The more I think about it, actually, I can really see East coaches invoking the whole do-what's-most-advantageous edict mentioned at the top to sneak Pierce in as one of their two guards, thus making up for the slim pickings at that position and, rather ironically in the Year of the Centerless Ballot, opening up a slot for another big man.

Wild cards: 1. Paul George (Indiana), 2. Brook Lopez (Brooklyn)



Although David Westis right up there in this race as the Pacers' seen-it-all leader, George is the Pacers' direct replacement for the injured-all-season Danny Granger. And as a legit two-way player with a steady stream of double-doubles recently, George thus wins this vote as the MVP of the Pacers' gradual surge up the East standings without Granger, even though he hasn't quite proven yet that he can stay at this level all season.

Lopez, meantime, has supplied the offensive efficiency and night-to-night reliability that the Nets haven't gotten from Williams, good for a gaudy PER (25.68) that distracts you from the fact that he's still not quite rebounding the ball (7.4 rpg) at the desired level.

In spite of the flaws, we're going with George and Lopez regardless, making Bosh our odd man out. And maybe he deserves that sort of wrist slap with Bosh's rebounding down to a career-low 7.1 boards per game. Maybe he's the one who gets singled out as an offshoot of the Heat getting nightly flack for their intensity levels. Yet I repeat: There will be no quarrels here if the East coaches drop Irving or Holiday, youngsters with years of All-Star chances ahead of them, to work in Bosh instead when he's shooting the ball better than ever.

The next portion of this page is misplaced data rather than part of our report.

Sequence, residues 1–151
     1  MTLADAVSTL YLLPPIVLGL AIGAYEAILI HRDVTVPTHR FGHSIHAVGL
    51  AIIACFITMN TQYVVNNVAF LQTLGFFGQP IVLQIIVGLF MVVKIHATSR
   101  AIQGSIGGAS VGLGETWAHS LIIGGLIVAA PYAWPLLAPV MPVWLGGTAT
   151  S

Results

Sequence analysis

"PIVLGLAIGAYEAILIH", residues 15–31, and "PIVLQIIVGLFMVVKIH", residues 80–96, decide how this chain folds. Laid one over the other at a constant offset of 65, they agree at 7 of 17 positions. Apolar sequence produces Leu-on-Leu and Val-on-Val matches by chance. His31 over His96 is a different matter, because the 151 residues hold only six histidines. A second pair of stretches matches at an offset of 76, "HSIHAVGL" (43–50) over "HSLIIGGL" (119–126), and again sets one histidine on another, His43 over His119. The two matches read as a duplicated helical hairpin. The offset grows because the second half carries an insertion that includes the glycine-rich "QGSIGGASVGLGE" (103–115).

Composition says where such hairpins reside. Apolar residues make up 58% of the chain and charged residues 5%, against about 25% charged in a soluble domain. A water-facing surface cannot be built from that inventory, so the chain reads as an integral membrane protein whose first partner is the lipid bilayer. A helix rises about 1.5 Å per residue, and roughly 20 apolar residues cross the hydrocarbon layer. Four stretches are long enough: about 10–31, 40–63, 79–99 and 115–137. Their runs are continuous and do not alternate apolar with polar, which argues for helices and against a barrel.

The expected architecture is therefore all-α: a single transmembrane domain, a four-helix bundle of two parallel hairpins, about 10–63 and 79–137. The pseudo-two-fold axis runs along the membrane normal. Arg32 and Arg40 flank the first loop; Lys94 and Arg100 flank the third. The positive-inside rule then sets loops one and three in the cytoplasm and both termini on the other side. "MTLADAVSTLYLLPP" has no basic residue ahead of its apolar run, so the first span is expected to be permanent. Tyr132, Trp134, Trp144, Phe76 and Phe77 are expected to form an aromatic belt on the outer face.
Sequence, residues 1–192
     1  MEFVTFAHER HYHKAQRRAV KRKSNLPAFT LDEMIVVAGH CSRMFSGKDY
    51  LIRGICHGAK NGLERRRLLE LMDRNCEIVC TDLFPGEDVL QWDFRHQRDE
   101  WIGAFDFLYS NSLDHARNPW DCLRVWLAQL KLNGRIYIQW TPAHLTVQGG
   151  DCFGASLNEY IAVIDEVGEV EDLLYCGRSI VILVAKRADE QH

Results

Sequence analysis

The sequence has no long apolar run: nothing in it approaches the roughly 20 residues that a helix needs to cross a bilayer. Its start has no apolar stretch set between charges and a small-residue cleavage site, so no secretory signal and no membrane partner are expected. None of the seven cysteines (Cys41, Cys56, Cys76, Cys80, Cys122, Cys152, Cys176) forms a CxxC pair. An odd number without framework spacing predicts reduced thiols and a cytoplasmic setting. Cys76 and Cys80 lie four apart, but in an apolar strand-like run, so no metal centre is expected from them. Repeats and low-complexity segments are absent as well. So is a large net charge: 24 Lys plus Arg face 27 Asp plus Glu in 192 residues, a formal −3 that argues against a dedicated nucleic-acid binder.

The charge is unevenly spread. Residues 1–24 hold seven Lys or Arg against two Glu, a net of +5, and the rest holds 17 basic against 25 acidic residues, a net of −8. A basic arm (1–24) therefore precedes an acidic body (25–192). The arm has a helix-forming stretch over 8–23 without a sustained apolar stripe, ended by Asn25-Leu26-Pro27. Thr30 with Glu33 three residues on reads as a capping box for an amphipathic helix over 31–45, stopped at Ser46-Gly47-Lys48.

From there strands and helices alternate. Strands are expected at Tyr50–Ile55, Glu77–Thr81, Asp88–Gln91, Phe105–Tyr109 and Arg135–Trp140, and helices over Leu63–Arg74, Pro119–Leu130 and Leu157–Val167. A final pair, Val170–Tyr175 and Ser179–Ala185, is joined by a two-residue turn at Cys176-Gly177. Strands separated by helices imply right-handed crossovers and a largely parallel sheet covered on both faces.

Other East snubees include the Atlanta duo of Horford and Josh Smith (with Smith's cause unquestionably dinged by his suspension earlier this week), Chicago's Luol Deng and the onrushing Carlos Boozer, Detroit's Greg Monroe, Indy's West and Milwaukee's Brandon Jennings.

Western Conference Reserves

Backcourt: 1. James Harden (Houston), 2. Russell Westbrook (Oklahoma City)



Something tells me this isn't the first time you've seen these guys together in the same sentence. Something also tells me that you can't wait to watch them interact, along with West starter Kevin Durant, now that they're not all full-time teammates.